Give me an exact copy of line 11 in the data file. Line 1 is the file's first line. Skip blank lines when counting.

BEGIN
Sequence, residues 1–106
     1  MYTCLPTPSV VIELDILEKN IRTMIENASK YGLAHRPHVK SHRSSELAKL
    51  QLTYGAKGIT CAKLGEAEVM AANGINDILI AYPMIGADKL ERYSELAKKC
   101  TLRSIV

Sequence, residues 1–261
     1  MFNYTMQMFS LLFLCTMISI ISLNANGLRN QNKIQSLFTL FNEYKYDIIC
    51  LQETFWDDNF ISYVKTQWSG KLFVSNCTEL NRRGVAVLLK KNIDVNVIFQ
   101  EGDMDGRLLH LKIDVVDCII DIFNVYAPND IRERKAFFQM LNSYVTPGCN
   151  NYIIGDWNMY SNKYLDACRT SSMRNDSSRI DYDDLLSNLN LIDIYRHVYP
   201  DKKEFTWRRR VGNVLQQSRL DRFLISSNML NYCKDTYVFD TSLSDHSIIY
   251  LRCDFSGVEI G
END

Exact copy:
   251  LRCDFSGVEI G